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Queer Ontario Response to Prostitution Ruling

March 26th, 2012

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Queer Ontario Partially Applauds the Ontario Appeals Court Ruling on Canada’s Prostitution Laws
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Toronto, ON — March 26, 2012 – Queer Ontario partially applauds the Ontario Appeals Court Ruling on Canada’s prostitution laws for its decision to recognize sex work as a legitimate line of work. We are relieved to see that a more experiential consideration of sex workers and their rights has taken hold in the judicial system, as opposed to the sex-negative moralism that had previously governed their living and working conditions.

The Court’s decision to strike down the prostitution-specific clause in the ‘bawdyhouse’ provision, and to criminalize ‘living on the avails of prostitution’ only when it involves worker exploitation, grants sex workers the ability to establish safer workplaces and to live off of their earnings without criminal persecution. It makes it easer for sex workers to report instances of exploitation and gives them the ability to establish multi-person brothels, or to hire bodyguards and chauffeurs.

However, we reject the Court’s decision to uphold the ‘communication for the purposes of prostitution’ provision since it continues to criminalize sex workers who work outdoors. It is a decision founded on phobic attitudes that deem sex workers and any evidence of their work to be a ‘public nuisance’ — a decision that places the rights of hypothetical communities above the individual and inalienable rights of sex workers, thus failing to provide basic legal protections to those who need them the most.

Indeed, it is unreasonable for the Ontario Court of Appeals to presume that all sex workers will start working indoors now that the ‘bawdyhouse’ and ‘living off the avails’ provisions have been amended. Working outdoors still provides greater visibility to sex workers, which can contribute to a greater availability of clients and, with that, a more sustainable income. Unfortunately, working outdoors also presents a greater security risk for sex workers — risks that can be allayed by pre-screening their clients — and the decision to criminalize their communication in public fails to equip them with the legal support they need to do their work safely.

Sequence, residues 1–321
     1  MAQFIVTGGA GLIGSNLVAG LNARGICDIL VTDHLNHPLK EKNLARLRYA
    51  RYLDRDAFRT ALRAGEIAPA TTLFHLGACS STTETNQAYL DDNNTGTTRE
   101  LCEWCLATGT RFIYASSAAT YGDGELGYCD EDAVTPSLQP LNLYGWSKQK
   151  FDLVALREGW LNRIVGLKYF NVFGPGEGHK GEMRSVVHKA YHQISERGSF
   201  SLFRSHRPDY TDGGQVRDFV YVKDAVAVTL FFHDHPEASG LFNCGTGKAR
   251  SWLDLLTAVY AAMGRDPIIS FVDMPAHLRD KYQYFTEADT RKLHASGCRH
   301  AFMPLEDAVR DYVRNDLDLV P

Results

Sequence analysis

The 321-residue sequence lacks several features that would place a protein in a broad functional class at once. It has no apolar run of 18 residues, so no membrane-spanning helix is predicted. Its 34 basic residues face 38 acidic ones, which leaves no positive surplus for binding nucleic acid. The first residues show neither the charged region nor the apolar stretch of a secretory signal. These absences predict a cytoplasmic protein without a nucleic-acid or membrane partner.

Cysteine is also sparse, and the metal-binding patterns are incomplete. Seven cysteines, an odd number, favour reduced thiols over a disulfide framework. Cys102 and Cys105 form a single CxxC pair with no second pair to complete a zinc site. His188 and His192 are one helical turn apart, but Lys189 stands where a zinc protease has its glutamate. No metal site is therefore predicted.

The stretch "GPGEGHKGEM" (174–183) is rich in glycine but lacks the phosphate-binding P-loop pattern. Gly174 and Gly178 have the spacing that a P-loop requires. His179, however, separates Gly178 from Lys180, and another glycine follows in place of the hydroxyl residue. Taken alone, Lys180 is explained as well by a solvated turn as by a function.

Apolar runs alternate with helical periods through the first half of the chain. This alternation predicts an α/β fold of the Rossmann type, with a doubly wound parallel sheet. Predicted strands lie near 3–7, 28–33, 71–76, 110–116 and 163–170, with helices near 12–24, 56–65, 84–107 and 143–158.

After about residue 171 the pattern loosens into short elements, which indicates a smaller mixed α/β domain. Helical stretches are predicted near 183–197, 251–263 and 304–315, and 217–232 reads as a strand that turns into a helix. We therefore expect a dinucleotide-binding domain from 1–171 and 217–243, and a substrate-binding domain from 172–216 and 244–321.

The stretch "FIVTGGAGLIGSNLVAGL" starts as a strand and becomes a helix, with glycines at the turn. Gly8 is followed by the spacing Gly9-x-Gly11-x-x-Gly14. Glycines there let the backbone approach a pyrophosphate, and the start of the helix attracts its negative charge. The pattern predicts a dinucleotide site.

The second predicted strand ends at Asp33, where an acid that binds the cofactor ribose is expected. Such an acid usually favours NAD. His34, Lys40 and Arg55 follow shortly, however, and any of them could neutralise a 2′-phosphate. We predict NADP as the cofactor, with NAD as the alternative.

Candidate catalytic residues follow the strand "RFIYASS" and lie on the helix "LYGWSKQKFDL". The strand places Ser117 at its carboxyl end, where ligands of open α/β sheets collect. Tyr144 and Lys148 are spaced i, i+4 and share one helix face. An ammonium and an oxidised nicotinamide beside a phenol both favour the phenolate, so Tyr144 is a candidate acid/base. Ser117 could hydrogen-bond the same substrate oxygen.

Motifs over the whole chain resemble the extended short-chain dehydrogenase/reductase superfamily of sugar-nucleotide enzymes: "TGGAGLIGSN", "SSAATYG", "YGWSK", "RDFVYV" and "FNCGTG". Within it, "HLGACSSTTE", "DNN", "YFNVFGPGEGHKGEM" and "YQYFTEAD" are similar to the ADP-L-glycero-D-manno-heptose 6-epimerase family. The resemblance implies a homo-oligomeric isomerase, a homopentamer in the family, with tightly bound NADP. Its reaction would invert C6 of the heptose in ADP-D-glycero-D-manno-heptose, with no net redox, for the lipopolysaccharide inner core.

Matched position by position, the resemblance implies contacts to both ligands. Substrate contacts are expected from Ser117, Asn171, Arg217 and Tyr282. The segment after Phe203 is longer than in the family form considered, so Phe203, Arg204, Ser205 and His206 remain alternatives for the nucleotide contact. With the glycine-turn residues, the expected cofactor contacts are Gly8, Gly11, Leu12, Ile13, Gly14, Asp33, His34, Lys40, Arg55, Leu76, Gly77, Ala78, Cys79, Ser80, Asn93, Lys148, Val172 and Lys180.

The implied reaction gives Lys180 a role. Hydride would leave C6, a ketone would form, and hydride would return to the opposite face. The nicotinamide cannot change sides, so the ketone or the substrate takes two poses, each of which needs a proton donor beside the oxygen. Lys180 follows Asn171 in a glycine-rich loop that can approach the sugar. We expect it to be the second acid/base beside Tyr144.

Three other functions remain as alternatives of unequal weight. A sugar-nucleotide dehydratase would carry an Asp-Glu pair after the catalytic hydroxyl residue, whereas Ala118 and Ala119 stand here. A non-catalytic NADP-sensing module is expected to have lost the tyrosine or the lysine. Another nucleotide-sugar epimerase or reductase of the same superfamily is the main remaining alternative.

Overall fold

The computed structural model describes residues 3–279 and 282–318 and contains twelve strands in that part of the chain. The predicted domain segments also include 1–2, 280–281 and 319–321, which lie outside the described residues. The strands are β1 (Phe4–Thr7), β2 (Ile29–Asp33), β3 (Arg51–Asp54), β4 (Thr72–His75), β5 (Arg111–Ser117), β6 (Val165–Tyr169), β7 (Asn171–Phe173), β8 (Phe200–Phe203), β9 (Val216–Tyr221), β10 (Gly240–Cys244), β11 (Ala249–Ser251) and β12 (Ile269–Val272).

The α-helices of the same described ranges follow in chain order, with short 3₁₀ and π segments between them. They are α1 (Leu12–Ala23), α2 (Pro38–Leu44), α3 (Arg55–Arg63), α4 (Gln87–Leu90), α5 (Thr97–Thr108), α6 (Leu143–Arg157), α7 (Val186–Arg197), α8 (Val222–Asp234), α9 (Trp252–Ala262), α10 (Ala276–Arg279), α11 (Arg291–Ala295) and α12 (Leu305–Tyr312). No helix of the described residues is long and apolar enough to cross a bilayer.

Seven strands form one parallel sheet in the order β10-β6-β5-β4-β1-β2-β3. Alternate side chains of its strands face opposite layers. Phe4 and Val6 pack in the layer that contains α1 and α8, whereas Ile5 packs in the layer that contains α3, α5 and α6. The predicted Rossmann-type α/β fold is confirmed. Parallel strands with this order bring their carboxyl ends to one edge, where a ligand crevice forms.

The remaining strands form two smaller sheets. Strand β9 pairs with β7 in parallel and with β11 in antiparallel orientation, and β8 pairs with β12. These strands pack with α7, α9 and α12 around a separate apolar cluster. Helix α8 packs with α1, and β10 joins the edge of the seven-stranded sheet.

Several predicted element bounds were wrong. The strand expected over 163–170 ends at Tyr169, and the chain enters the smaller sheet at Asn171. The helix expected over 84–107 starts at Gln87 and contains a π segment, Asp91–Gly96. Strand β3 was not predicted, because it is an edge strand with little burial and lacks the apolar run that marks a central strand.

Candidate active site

Moreover, the Appeals Court failed to realize that establishing and operating a brothel requires a certain level of income, a certain level of connectedness, and a certain level of entrepreneurial know-how to do so successfully, which many sex workers do not have because of economic, educational, and language barriers, among others.

We expect that the imminent Supreme Court decision will give greater consideration to the implications behind the public solicitation law, as well as the social, financial, and knowledge requirements needed to establish and operate a brothel. A protection of sex worker rights invariably includes the protection of those who work outdoors, in public. To criminalize them is to be complicit in the continued stigmatization of sex workers as a class of people.

Queer Ontario’s position statement on sex worker rights can be found here:
http://queerontario.org/2011/12/17/queer-ontario-policy-statement-on-sex-work

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For inquiries, please contact

Nick Mulé
Chairperson, Queer Ontario
info@queerontario.org

Queer Ontario is a provincial network of gender and sexually diverse individuals — and their allies — who are committed to questioning, challenging, and reforming the laws, institutional practices, and social norms that regulate queer people. Operating under liberationist and sex-positive principles, we fight for greater accessibility, recognition, and pluralism in society.

For a PDF version of this statement, click here:
QOResponse-AppealsCourt-ProstitutionRuling

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